Location: Rangeland Resources Research
Title: Competition and facilitation between a native and domestic herbivore: Tradeoffs between forage quantity and quality Authors
Submitted to: Ecological Applications
Publication Type: Peer Reviewed Journal
Publication Acceptance Date: January 4, 2013
Publication Date: June 1, 2013
Citation: Augustine, D.J., Springer, T.L. 2013. Competition and facilitation between a native and domestic herbivore: Tradeoffs between forage quantity and quality. Ecological Applications. 23(4):850-863. Interpretive Summary: In the Great Plains of North America, black-tailed prairie dogs are often thought to compete with cattle for forage. However, prairie dogs are also important for the conservation of some plants and animals that are native to the Great Plains. We examined how prairie dogs affect the amount and quality of forage growing on their colonies in Colorado and South Dakota. We also compare our findings with data previously collected from a group of colonies in Montana. At two sites (one in Colorado and one in Montana) that were studied during a period of below-average rainfall, forage both on and off colonies was so short and sparse that cattle were likely to be limited by the rate at which they could consume forage, rather than the rate at which they could digest it. Under these conditions, prairie dogs are likely to compete with cattle by reducing their weight gains. For two groups of prairie dog colonies studied during a period of above-average rainfall (one in Colorado and one in South Dakota), forage both on and off colonies was tall and dense enough for cattle to be limited by digestion rather than the rate of forage consumption. At the Colorado site, our findings predict that prairie dogs would increase cattle weight gains regardless of prairie dog abundance. At the South Dakota site, our results predict that prairie dog could either increase or suppress cattle weight gains depending on the size on the colony. Overall, our findings show prairie dogs can both enhance and suppress the weight gains of cattle depending on local weather conditions and the proportion of a pasture that is occupied by prairie dogs.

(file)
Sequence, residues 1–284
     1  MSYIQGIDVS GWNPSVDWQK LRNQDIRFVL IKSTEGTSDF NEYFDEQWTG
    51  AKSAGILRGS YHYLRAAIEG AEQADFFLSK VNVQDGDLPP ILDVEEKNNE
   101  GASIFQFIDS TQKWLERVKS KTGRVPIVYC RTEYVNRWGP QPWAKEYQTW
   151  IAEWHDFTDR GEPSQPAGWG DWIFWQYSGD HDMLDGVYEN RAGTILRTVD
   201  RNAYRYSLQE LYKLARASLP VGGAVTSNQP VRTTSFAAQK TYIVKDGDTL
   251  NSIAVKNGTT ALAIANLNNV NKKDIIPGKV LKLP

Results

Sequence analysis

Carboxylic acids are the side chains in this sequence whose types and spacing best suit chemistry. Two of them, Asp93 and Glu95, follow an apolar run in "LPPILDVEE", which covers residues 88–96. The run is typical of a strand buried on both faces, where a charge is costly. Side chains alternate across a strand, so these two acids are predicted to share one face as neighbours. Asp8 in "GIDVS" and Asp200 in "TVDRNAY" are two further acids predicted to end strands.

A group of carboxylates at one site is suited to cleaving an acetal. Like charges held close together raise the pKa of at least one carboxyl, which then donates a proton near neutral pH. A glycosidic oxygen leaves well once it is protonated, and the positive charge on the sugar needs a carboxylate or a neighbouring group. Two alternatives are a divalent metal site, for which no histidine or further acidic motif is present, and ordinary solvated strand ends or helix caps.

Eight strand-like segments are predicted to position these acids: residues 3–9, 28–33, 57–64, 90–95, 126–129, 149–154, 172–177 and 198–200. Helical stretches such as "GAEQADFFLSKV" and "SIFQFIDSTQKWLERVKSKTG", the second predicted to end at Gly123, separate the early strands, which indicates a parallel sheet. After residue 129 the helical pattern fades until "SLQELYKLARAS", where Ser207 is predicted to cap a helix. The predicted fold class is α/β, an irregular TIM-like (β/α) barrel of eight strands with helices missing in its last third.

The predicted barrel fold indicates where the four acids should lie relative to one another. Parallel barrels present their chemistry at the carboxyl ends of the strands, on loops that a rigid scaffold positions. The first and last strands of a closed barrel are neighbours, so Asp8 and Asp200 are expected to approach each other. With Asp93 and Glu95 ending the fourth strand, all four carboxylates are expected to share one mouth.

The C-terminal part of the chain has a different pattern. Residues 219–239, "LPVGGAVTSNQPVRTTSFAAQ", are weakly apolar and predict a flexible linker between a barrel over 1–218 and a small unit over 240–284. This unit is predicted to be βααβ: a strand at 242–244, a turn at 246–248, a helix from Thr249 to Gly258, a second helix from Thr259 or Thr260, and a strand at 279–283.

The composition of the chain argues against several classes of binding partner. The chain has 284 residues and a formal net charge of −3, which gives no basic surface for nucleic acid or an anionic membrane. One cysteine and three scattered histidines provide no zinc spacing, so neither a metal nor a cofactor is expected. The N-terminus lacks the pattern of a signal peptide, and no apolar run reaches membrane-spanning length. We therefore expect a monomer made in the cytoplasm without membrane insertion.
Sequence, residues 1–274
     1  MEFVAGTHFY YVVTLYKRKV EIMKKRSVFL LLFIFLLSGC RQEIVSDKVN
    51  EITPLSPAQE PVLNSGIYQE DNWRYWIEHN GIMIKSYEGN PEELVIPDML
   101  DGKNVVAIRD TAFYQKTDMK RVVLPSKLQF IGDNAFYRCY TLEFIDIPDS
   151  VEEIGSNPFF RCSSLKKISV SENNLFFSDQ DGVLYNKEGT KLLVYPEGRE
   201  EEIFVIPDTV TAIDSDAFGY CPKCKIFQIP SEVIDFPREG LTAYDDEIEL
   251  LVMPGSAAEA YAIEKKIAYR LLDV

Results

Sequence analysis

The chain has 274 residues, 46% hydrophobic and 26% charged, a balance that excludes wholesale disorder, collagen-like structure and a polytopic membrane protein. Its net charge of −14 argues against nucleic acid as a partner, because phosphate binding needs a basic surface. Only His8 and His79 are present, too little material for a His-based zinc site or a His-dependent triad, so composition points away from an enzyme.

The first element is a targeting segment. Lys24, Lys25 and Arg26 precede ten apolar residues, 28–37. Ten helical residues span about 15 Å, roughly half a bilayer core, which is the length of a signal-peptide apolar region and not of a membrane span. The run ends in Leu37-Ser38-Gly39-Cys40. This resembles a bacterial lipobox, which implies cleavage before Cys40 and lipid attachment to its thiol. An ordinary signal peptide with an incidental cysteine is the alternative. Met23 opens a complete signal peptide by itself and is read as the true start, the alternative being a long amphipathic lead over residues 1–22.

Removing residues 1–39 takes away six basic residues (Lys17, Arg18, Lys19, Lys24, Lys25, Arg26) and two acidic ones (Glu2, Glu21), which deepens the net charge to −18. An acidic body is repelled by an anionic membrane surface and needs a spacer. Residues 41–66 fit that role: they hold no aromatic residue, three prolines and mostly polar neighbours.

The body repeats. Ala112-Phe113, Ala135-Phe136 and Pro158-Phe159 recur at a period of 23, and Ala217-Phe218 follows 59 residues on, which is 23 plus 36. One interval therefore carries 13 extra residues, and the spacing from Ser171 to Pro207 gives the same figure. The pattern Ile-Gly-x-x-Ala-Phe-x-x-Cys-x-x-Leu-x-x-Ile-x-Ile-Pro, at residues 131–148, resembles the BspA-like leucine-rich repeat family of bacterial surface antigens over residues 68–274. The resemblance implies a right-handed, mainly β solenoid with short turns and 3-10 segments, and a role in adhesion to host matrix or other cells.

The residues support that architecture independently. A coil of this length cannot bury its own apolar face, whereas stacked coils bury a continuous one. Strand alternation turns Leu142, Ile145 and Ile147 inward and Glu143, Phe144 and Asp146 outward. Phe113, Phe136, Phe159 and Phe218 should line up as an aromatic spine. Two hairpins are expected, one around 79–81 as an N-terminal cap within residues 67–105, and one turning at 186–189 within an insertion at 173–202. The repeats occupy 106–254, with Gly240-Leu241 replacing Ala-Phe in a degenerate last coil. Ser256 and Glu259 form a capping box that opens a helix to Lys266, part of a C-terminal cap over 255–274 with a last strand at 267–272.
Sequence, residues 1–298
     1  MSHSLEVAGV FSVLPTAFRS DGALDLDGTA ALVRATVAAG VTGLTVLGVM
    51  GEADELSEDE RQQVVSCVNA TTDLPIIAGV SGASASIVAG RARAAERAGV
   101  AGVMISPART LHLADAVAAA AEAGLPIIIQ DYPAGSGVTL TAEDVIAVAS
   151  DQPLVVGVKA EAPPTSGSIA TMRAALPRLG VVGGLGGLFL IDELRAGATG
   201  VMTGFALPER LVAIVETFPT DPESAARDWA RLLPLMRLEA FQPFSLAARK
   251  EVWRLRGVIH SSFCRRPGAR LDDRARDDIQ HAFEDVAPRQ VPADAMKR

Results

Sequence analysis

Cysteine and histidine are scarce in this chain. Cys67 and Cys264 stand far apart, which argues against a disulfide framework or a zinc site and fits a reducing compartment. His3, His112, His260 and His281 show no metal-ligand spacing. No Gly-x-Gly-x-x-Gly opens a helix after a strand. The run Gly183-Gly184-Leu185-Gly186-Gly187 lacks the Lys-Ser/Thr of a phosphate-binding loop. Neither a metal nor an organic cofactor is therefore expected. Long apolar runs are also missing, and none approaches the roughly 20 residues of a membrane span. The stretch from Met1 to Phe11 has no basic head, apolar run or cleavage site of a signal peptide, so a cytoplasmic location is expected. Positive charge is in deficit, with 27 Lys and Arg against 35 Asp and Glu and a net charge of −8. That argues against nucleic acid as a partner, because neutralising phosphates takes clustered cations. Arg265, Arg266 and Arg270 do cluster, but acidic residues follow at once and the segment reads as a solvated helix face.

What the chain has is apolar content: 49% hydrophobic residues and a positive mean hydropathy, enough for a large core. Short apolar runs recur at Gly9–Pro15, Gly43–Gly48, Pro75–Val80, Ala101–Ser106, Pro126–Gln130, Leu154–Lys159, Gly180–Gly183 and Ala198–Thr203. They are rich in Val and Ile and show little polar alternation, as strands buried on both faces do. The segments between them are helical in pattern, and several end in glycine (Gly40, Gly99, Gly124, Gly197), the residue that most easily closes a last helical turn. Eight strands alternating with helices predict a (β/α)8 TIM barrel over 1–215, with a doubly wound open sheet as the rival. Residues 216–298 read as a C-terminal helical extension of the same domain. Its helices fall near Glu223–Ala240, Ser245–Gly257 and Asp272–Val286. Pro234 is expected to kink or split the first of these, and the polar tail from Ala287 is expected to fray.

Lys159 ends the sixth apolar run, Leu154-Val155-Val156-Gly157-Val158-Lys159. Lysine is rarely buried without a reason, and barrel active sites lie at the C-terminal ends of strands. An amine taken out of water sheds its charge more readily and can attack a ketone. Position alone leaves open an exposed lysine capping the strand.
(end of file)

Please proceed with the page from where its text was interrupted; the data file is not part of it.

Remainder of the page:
Technical Abstract: Potential competition between native and domestic herbivores for forage is a major consideration influencing the management and conservation of native herbivores in rangeland ecosystems. In grasslands of the North American Great Plains, black-tailed prairie dogs (Cynomys ludocivianus) are widely viewed as competitors with cattle, but are also important for biodiversity conservation due to their role as a keystone species influencing a wide range of native flora and fauna. We examined spatiotemporal variation in prairie dog effects on growing-season forage quality and quantity based on measurements from three colony complexes in Colorado and South Dakota and from a previous study of a fourth complex in Montana. At two complexes experiencing below-average precipitation, forage availability both on and off colonies was so low (12 – 54 g•m-2) that daily forage intake rates of cattle were likely constrained by instantaneous intake rates and daily foraging time. Under these dry conditions, prairie dogs (1) substantially reduced forage availability, thus further limiting cattle daily intake rates, and (2) had either no or a small positive effect on forage digestibility. Under these conditions, prairie dogs are likely to compete with cattle in direct proportion to their abundance. For two complexes experiencing above-average precipitation, forage quantity on and off colonies (77 – 208 g•m-2) was sufficient for daily forage intake rates of cattle to be limited by digestion rather than instantaneous forage intake rates. At one complex where prairie dogs enhanced forage digestibility and [N] while having no effect on forage quantity, prairie dogs are predicted to facilitate cattle weight gains regardless of prairie dog abundance. At the second complex where prairie dogs enhanced digestibility and [N] but reduced forage quantity, effects on cattle can vary from competition to facilitation depending on prairie dog abundance. Our findings show that the high degree of spatiotemporal variation in vegetation dynamics characteristic of semiarid grasslands is paralleled by variability in the magnitude of competition between native and domestic grazers. Competitive interactions that may be visibly evident during dry periods can be partially or wholly offset by facilitation during periods when forage quantity does not limit the daily intake rate of cattle and forage digestibility is enhanced on prairie dog colonies.